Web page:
SM U-32 (Germany)

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For other ships of the same name, see German submarine U-32.
History
German Empire
Name: U-32
Ordered: 29 March 1912
Builder: Germaniawerft, Kiel
Laid down: 8 November 1912
Launched: 28 January 1914
Commissioned: 3 September 1914
Fate: Sunk 8 May 1918 north-west of Malta. 41 dead.
General characteristics
Class & type: German Type U 31 submarine
Displacement:
  • 685 t (674 long tons) (surfaced)
  • 878 t (864 long tons) (submerged)
Length:
Beam:
  • 6.32 m (20 ft 9 in) (o/a)
  • 4.05 m (13 ft 3 in) (pressure hull)
Draught: 3.56 m (11 ft 8 in)
Installed power:
Propulsion:
Speed:
  • 16.4 knots (30.4 km/h; 18.9 mph) (surfaced)
  • 9.7 knots (18.0 km/h; 11.2 mph) (submerged)
Range:
  • 8,790 nmi (16,280 km; 10,120 mi) at 8 knots (15 km/h; 9.2 mph) (surfaced)
  • 80 nmi (150 km; 92 mi) at 5 knots (9.3 km/h; 5.8 mph) (submerged)
Test depth: 50 m (164 ft 1 in)
Boats & landing
craft carried:
1 dinghy
Complement: 4 officers, 31 enlisted
Armament:
Service record
Part of:
  • Imperial German Navy
  • IV Flotilla
  • 3 September 1914 – 8 November 1916
  • Pola Flotilla
  • 8 November 1916 – 8 May 1918
Commanders:
Operations: 11 patrols
Victories:
  • 37 merchant ships sunk (106,034 GRT)
  • 3 merchant ships damaged (18,554 GRT)
  • 1 merchant ship taken as a prize (1,115 GRT)
  • 1 warship sunk (14,000 tons)

SM U-32 was a German Type U 31 U-boat of the Imperial German Navy.

Cornwallis sinking in the Mediterranean Sea on 9 January 1917 after being torpedoed by the U-32.

Her construction was ordered on 29 March 1912 and her keel was laid down on 8 November 1912 by Germaniawerft of Kiel. She was launched on 28 January 1914 and commissioned on 3 September 1914 under the command of Edgar von Spiegel von und zu Peckelsheim. On 1 February 1916 Spiegel was relieved by Kurt Hartwig who commanded the boat until 16 February 1918 when Karl Albrecht took over. Albrecht commanded her until her loss.

U-32 conducted 11 patrols, sinking 37 ships totalling 106,034 gross register tons (GRT). On 9 January 1917, to the East of Malta, U-32 sank the British pre-dreadnought HMS Cornwallis, with the loss of 15 lives.

Design[edit]

German Type U 31 submarines were double-hulled ocean-going submarines similar to Type 23 and Type 27 subs in dimensions and differed only slightly in propulsion and speed. They were considered very good high sea boats with average manoeuvrability and good surface steering.[4]

U-32 had an overall length of 64.70 m (212 ft 3 in), her pressure hull was 52.36 m (171 ft 9 in) long. The boat's beam was 6.32 m (20 ft 9 in) (o/a), while the pressure hull measured 4.05 m (13 ft 3 in). Type 31s had a draught of 3.56 m (11 ft 8 in) with a total height of 7.68–8.04 m (25 ft 2 in–26 ft 5 in). The boats displaced a total of 971 tonnes (956 long tons); 685 t (674 long tons) when surfaced and 878 t (864 long tons) when submerged.[4]

U-32 was fitted with two Germania 6-cylinder two-stroke diesel engines with a total of 1,850 metric horsepower (1,361 kW; 1,825 bhp) for use on the surface and two Siemens-Schuckert double-acting electric motors with a total of 1,200 PS (883 kW; 1,184 shp) for underwater use. These engines powered two shafts each with a 1.60 m (5.2 ft) propeller, which gave the boat a top surface speed of 16.4 knots (30.4 km/h; 18.9 mph), and 9.7 knots (18.0 km/h; 11.2 mph) when submerged. Cruising range was 8,790 nautical miles (16,280 km; 10,120 mi) at 8 knots (15 km/h; 9.2 mph) on the surface, and 80 nmi (150 km; 92 mi) at 5 knots (9.3 km/h; 5.8 mph) under water. Diving depth was 50 m (164 ft 1 in).[4]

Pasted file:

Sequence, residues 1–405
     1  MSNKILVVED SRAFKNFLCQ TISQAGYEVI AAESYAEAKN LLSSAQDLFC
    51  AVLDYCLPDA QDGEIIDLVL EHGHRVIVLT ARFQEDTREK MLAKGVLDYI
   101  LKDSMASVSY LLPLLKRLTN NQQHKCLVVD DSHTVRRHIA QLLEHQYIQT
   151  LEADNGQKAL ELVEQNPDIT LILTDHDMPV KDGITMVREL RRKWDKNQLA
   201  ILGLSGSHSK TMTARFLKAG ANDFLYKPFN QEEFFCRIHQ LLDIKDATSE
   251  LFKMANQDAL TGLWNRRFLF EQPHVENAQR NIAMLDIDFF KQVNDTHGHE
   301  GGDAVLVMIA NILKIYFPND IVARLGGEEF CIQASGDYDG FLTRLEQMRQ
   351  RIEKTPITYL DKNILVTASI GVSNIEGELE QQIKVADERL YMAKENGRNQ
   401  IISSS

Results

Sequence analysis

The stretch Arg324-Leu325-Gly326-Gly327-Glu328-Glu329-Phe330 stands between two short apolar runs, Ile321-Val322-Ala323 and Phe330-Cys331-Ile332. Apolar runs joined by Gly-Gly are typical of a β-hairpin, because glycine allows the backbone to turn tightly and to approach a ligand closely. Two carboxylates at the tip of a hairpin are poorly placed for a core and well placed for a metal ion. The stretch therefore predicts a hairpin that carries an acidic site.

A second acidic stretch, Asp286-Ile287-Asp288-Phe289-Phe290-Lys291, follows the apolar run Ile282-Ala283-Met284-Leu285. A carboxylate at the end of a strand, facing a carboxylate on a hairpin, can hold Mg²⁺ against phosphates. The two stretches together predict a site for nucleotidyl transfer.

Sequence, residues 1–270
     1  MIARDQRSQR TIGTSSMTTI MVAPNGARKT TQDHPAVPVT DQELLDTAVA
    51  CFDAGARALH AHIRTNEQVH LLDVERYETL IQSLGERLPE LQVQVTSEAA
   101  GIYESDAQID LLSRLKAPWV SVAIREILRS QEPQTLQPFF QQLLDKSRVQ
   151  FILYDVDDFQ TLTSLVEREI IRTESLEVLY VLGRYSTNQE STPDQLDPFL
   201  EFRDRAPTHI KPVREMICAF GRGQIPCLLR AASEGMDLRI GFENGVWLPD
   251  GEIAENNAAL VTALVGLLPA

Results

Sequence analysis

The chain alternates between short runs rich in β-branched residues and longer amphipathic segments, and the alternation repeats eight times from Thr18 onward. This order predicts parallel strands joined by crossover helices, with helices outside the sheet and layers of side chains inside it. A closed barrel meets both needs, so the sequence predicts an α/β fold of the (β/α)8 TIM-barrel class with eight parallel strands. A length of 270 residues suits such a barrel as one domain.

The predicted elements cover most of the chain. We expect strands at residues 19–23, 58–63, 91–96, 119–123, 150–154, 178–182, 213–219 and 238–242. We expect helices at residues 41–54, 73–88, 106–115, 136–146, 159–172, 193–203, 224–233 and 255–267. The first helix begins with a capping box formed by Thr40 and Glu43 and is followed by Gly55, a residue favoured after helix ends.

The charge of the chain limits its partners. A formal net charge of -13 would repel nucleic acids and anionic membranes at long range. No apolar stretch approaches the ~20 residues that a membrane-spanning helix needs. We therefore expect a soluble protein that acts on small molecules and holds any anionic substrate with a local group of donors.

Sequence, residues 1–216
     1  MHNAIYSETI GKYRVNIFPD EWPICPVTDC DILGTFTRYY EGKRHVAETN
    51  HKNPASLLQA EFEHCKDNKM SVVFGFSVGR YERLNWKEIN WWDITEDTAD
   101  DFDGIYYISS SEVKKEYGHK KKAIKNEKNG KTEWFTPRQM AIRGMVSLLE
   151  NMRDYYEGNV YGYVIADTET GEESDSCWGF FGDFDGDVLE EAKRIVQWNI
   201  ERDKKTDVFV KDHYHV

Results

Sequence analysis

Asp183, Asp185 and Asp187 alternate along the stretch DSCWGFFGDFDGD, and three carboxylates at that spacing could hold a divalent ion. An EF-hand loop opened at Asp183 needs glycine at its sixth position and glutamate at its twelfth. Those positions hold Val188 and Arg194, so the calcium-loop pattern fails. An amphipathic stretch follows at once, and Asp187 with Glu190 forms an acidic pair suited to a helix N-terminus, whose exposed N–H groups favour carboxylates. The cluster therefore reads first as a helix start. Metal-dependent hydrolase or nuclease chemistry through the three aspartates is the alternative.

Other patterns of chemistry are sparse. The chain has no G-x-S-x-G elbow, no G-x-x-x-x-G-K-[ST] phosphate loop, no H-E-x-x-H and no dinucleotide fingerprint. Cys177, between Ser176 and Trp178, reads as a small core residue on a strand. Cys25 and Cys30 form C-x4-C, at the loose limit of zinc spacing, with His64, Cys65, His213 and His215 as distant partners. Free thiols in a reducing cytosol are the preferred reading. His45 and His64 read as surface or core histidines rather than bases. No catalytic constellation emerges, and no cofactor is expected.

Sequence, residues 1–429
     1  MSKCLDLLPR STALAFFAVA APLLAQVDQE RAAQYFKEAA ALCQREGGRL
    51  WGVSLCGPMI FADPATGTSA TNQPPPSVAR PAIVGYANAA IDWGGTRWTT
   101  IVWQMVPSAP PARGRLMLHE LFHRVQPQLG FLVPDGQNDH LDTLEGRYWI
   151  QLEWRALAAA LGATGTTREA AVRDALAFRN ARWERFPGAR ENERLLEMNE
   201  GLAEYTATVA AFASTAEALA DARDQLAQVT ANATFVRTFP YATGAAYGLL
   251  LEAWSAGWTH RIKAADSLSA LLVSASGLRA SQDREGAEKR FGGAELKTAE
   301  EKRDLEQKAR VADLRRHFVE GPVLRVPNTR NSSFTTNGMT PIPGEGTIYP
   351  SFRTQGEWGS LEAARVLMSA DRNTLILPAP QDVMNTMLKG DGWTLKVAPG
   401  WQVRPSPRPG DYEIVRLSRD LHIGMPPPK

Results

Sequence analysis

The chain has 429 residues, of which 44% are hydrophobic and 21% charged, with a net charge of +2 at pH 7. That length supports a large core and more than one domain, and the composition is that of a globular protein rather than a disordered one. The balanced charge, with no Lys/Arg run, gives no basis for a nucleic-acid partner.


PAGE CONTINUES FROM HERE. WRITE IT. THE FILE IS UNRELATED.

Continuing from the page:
The U-boat was armed with four 50 cm (20 in) torpedo tubes, two fitted in the bow and two in the stern, and carried 6 torpedoes. Additionally U-32 was equipped in 1915 with two 8.8 cm (3.5 in) deck guns. The boat's complement was 4 officers and 31 enlisted.[4]

Fate[edit]

SM U-32 (Germany) is located in Mediterranean
SM U-32 (Germany)
Wreck location

On 8 May 1918 north-west of Malta she was shelled and then depth charged by HMS Wallflower and sunk with all hands, 41 dead.

Summary of raiding history[edit]

Date Name Nationality Tonnage
(GRT)
Fate[5]
8 April 1915 Chateaubriand  France 2,247 Sunk
11 April 1915 Wayfarer  United Kingdom 9,599 Damaged
22 June 1915 Kiew  Denmark 1,115 Captured as a prize
4 March 1916 Teutonian  United Kingdom 4,824 Sunk
5 March 1916 Rothesay  United Kingdom 2,007 Sunk
6 March 1916 Trois Freres  France 106 Sunk
7 March 1916 Ville Du Havre  France 3,109 Sunk
18 October 1916 Athene  Norway 1,847 Sunk
30 October 1916 Marquis Bacquehem  United Kingdom 4,396 Sunk
30 October 1916 Vertunno  Kingdom of Italy 3,239 Sunk
27 November 1916 City of Birmingham  United Kingdom 7,498 Sunk
27 November 1916 Karnak  France 6,816 Sunk
30 November 1916 S. Antonio  Kingdom of Italy 611 Sunk
1 December 1916 Cuore Di Gesu  Kingdom of Italy 199 Sunk
1 December 1916 Lampo  Kingdom of Italy 59 Sunk
2 December 1916 Angela Madre G.  Kingdom of Italy 155 Sunk
3 December 1916 Lucellum  United Kingdom 5,184 Damaged
6 December 1916 Campania  Kingdom of Italy 4,297 Sunk
8 December 1916 Carmelina Dominici  Kingdom of Italy 94 Sunk
12 December 1916 Saint Ursula  United Kingdom 5,011 Sunk
7 January 1917 Rosalia L.  Kingdom of Italy 7,186 Sunk
9 January 1917 HMS Cornwallis  Royal Navy 14,000 Sunk
10 April 1917 Porto Di Rodi  Kingdom of Italy 2,480 Sunk
12 April 1917 Kildale  United Kingdom 3,830 Sunk
17 April 1917 Costante  Kingdom of Italy 3,479 Sunk
18 April 1917 Rinaldo  United Kingdom 4,321 Sunk
21 April 1917 Giosue  Kingdom of Italy 140 Sunk
12 May 1917 Locksley Hall  United Kingdom 3,635 Sunk
24 May 1917 Biarritz  France 2,758 Sunk
16 July 1917 Khephren  United Kingdom 2,774 Sunk
16 July 1917 Porto Di Adalia  Kingdom of Italy 4,073 Sunk
17 July 1917 Virent  United Kingdom 3,771 Damaged
19 July 1917 Varvara  Greece 1,316 Sunk
20 September 1917 Kurdistan  United Kingdom 3,720 Sunk